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The Cybercrimes Act, 2020: Be aware of the personal data you hold

The incidence and variety of cybercrimes are proliferating year on year and will continue to do so faster than any legislature is able to promulgate laws that provide for the criminalisation, investigation and prosecution of those crimes. Against this backdrop, President Ramaphosa signed into law the Cybercrimes Act, 2020, on 26 May 2021. This is a significant step for South Africa in its efforts to regulate cyberspace, but certainly not one that will miraculously reduce or remove the increasing challenges of curbing and prosecuting cybercrimes.

While the commencement date of the Cybercrimes Act is yet to be proclaimed and the implications and regulatory effects of the Act are yet to be determined and felt, there are some areas within the Act that have already sparked concern and debate and are likely to be the subject of litigation. Two of these areas relate to the rebuttable presumptions of guilt contained in the provisions criminalising the unlawful interception of electronic data (section 3(3)) and the unlawful acquisition, possession, receipt or use of passwords, access codes or similar data or devices (section 7(2). 

Section 3(3) of the Act, for example, provides that a person will be guilty of an offense if that person is:

  • Found in possession of electronic data of a non-public nature that is reasonably suspected of having been acquired, viewed, captured or copied unlawfully and intentionally within a computer system, or which is transmitted to or from a computer system, so as to make some or all of such data available to a person other than the lawful owner or holder, the sender, the recipient or the intended recipient of that data; and
  • Unable to give a satisfactory exculpatory account of such possession.

Section 7(2) of the Act provides, for example, that a person will be guilty of an offense if that person is:

  • Found in possession of a password, access code or similar data or device (e.g. a secret pin, an access card or biometric data) used for financial transactions or user authentication in order to access or use data, a computer program, a computer data storage medium or a computer system, which password, access code or similar data or device is reasonably suspected of having been acquired, possessed or used for the purposes of unlawfully and intentionally accessing a computer system; intercepting data; interfering with data, a computer program, a computer data storage medium or a computer system; or committing cyber fraud, forgery or uttering; and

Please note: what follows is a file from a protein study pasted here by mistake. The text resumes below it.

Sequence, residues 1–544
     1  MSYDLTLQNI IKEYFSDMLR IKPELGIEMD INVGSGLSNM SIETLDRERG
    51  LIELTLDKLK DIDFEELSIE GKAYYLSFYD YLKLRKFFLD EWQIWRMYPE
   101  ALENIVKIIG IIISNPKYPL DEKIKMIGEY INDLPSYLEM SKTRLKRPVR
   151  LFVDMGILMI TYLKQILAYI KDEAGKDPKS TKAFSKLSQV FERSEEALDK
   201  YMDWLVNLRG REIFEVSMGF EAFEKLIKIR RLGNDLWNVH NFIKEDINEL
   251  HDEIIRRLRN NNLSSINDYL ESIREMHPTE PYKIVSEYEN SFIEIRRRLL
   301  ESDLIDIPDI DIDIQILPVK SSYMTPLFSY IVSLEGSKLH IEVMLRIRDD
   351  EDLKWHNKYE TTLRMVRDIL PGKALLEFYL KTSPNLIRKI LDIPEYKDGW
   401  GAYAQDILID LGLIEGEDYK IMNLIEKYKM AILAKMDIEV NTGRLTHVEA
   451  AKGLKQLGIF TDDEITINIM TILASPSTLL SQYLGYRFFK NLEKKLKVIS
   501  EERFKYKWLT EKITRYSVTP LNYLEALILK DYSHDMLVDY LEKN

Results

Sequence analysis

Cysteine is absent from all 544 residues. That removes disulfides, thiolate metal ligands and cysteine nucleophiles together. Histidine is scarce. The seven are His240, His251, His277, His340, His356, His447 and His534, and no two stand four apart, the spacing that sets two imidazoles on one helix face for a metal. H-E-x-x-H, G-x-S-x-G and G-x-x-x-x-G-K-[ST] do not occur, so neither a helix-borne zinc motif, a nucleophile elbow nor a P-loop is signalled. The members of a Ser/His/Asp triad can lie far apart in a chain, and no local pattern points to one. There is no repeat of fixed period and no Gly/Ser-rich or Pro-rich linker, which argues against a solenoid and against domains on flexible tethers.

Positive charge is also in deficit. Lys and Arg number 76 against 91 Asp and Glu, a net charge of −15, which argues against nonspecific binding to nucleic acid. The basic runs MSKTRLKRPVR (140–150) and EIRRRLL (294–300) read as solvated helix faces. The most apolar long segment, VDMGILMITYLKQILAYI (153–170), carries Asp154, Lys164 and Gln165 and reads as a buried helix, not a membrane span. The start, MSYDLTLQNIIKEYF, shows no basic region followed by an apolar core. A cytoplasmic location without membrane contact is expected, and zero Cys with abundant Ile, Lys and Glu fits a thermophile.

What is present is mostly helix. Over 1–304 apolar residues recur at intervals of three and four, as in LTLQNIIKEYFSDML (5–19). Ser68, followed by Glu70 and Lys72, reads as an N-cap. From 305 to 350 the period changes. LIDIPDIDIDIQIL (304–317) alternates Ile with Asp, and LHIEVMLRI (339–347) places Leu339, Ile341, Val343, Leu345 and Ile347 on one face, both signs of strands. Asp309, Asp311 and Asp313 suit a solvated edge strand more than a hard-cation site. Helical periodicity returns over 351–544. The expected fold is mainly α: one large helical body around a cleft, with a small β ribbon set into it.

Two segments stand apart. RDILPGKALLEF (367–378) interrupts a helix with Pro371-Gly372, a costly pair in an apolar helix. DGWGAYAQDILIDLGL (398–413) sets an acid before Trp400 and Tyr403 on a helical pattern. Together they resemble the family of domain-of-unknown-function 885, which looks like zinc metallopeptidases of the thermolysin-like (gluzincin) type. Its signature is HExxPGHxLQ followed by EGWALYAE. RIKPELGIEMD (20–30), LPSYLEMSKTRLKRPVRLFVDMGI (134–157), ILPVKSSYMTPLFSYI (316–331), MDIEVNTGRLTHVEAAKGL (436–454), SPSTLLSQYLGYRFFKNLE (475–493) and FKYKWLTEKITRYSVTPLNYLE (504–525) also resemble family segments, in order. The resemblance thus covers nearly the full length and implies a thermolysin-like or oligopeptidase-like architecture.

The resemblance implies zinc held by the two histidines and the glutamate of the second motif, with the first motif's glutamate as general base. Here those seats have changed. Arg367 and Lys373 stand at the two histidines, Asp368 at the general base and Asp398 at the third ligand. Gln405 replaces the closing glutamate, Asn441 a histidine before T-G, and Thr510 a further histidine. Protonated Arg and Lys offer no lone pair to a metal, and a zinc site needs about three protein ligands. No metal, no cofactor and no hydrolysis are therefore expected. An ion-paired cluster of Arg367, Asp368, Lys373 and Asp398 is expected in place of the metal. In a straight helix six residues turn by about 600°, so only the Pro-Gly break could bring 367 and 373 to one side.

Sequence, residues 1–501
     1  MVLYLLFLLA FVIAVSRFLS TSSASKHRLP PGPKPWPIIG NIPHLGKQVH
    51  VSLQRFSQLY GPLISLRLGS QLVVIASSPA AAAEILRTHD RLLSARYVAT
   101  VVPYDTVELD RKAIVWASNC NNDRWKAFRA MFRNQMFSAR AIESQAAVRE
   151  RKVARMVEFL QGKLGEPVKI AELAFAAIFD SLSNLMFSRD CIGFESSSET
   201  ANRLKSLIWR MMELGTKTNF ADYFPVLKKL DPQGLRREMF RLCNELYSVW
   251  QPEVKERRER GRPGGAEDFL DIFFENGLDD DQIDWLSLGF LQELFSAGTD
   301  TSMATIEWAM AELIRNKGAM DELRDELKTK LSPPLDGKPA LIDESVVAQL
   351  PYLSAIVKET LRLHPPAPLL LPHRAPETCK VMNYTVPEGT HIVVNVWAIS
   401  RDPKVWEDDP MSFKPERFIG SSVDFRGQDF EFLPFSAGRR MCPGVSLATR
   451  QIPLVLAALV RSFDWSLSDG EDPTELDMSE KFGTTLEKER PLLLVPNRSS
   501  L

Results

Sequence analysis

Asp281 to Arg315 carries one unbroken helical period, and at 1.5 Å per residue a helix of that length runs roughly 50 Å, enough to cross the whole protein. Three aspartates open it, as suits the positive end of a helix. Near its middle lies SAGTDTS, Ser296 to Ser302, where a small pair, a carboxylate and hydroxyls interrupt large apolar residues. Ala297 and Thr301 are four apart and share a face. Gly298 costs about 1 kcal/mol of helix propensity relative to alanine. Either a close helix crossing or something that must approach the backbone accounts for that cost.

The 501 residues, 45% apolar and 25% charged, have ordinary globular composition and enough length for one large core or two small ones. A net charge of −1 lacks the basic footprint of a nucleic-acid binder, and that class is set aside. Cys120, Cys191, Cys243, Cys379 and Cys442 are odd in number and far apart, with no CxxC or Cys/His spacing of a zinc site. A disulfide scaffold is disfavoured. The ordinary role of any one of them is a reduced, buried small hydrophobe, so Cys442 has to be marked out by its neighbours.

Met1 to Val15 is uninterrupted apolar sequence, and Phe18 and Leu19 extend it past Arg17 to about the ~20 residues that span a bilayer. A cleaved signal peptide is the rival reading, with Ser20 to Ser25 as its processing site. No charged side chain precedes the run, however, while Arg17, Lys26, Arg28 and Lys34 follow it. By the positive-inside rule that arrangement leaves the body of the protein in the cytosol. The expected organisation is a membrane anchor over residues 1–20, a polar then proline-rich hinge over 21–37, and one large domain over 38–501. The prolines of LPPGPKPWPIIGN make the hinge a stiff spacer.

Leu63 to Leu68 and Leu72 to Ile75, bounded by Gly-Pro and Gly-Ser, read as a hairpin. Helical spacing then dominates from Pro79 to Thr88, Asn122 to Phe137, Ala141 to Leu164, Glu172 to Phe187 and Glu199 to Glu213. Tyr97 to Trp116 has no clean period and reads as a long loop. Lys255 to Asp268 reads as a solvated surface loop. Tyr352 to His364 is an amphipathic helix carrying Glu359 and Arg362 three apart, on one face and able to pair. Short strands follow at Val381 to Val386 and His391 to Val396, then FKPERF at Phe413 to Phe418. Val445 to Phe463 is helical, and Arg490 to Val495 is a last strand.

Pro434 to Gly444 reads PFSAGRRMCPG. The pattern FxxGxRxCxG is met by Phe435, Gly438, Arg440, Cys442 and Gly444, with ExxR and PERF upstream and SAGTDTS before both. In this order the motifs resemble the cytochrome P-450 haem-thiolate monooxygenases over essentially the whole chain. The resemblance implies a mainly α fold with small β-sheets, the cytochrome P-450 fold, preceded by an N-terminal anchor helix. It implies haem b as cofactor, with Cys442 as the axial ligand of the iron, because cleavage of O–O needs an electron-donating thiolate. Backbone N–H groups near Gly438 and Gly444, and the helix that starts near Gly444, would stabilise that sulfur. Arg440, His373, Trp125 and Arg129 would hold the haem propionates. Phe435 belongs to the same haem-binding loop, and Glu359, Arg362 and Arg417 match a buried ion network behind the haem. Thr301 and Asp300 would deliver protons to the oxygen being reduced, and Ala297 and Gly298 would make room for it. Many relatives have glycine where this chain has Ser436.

• Unable to give a satisfactory exculpatory account of such possession.

Let’s imagine that your organisation is found in possession of electronic biometric data of former employees, that it has no clear authority to retain and use, and for which your organisation is not able to convincingly explain why and how such possession complies with the requirements of the Protection of Personal Information Act (POPIA). In this scenario, your organisation, its directors and/or employees may be unable to counter any reasonable suspicion held by law enforcement authorities that such possession is unlawful and intentional and, in turn, may be found guilty of an offence in terms of section 3(3) of the Cybercrimes Act, and be liable on conviction to a fine and/or imprisonment.

Similarly, if your organisation is unable to demonstrate why such data is being retained for a lawful purpose and law enforcement authorities hold a reasonable suspicion that such data is being retained for the purpose of unlawfully and intentionally accessing a computer system; intercepting data; interfering with data, a computer program, a computer data storage medium or a computer system; or committing cyber fraud, forgery or uttering, your organisation, its directors and/or employees may be found guilty of an offence in terms of section 7(2) of the Cybercrimes Act and be liable on conviction to a fine and/or imprisonment.

To avoid similar scenarios from materialising within your organisation, careful work should be undertaken to ensure as a minimum that:

  • Clear policies governing the collection, processing and disposal of personal information of data subjects (including digital copies of such information) are in place and properly enforced in line with the requirements of the POPIA (with a clear delineation of roles and responsibilities of employees within the organisation);
  • A full review of all personal information held in any form by your organisation is undertaken on a regular basis to ensure that your organisation only collects, holds and processes that personal information for which it is authorised in law to process;
  • Clear records are kept detailing how, why and for how long such information came to be in the possession of your organisation;
  • All contracts with third-party suppliers of goods and services to your organisation are properly aligned to your organisation’s policies;
  • Effective measures are in place to monitor your organisation’s compliance with its obligations under the POPIA on a regular basis; and
  • All employees are properly trained on their roles and responsibilities in this regard

Mike Wilter

Mike was admitted as an attorney in 2009 and rose to the level of senior associate at Bowman Gilfillan before being appointed as the Head of the Education Ministry in the Western Cape Government. Mike has been working as a State Law Advisor in the Western Cape Government since 2014 and consults through Caveat Legal on IT law-related issues and as a specialist on education law.

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